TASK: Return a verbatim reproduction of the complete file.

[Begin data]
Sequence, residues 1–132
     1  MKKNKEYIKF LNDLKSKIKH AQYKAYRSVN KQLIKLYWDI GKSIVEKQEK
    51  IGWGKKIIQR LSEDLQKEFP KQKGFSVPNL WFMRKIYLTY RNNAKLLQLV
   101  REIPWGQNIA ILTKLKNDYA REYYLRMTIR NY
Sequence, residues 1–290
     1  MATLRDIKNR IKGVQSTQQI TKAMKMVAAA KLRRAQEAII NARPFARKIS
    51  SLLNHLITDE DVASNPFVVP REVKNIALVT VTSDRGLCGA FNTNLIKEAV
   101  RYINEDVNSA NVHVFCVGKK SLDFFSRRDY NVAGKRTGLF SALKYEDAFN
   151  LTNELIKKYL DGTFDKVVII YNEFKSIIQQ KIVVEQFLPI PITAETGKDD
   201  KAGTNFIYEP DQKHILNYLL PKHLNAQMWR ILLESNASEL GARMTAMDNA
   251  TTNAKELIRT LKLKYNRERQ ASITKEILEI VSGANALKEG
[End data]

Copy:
Sequence, residues 1–132
     1  MKKNKEYIKF LNDLKSKIKH AQYKAYRSVN KQLIKLYWDI GKSIVEKQEK
    51  IGWGKKIIQR LSEDLQKEFP KQKGFSVPNL WFMRKIYLTY RNNAKLLQLV
   101  REIPWGQNIA ILTKLKNDYA REYYLRMTIR NY
Sequence, residues 1–290
     1  MATLRDIKNR IKGVQSTQQI TKAMKMVAAA KLRRAQEAII NARPFARKIS
    51  SLLNHLITDE DVASNPFVVP REVKNIALVT VTSDRGLCGA FNTNLIKEAV
   101  RYINEDVNSA NVHVFCVGKK SLDFFSRRDY NVAGKRTGLF SALKYEDAFN
   151  LTNELIKKYL DGTFDKVVII YNEFKSIIQQ KIVVEQFLPI PITAETGKDD
   201  KAGTNFIYEP DQKHILNYLL PKHLNAQMWR ILLESNASEL GARMTAMDNA
   251  TTNAKELIRT LKLKYNRERQ ASITKEILEI VSGANALKEG